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The Rise and Fall of MeterPoetry and English National Culture, 1860--1930$
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Meredith Martin

Print publication date: 2012

Print ISBN-13: 9780691152738

Published to Princeton Scholarship Online: October 2017

DOI: 10.23943/princeton/9780691152738.001.0001

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The Before- and Afterlife of Meter

The Before- and Afterlife of Meter

(p.181) 6 The Before- and Afterlife of Meter
The Rise and Fall of Meter

Meredith Martin

Princeton University Press

This chapter turns once more to Robert Bridges, whose death in 1930 marks the end of the book. He did not believe that English meter could be adequately represented by only one system, nor did he believe that the four systems he mastered exhausted its possibilities. He struggled with the pedagogic necessities of his time, founding the Society for Pure English, participating as poet laureate in the national metrical project during the First World War by writing for the war office, and editing the popular anthology of verse, The Spirit of Man. His late career poem “Poor Poll” engages with the modernist polyglossia and the rise of free verse by presenting an English prosody accessible to both high and popular audiences. It was Pound's eventual dismissal of Bridges that guaranteed his obsolescence. Pound's changing reactions to Bridges over the course of Pound's career betray an anxiety about meter's role in poetic mastery, as well as an attempt to control the narrative of English meter.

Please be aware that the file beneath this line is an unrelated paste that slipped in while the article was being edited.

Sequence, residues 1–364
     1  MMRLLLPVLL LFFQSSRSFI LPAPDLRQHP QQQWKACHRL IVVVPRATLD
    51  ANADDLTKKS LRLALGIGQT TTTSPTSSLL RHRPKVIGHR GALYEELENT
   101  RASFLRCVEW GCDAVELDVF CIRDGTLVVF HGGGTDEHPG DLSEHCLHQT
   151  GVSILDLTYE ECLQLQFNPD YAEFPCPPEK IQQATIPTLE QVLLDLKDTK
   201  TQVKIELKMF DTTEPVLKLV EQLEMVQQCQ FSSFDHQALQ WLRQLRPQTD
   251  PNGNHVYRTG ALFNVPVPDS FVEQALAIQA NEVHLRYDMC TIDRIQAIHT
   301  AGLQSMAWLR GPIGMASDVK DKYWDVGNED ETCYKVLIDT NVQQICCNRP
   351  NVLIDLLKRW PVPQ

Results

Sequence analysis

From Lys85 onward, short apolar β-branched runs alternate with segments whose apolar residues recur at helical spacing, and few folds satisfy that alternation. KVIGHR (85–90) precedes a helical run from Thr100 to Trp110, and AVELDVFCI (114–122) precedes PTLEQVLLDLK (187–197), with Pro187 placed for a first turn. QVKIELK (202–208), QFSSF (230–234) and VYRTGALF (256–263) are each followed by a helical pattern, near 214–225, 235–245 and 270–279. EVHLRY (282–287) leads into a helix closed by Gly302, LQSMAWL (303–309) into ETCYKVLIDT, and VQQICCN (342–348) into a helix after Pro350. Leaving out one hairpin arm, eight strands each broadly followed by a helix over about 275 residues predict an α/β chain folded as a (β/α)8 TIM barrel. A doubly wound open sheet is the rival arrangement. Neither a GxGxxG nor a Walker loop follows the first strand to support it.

Keywords:   English meter, Robert Bridges, Society for Pure English, Ezra Pound, English prosody

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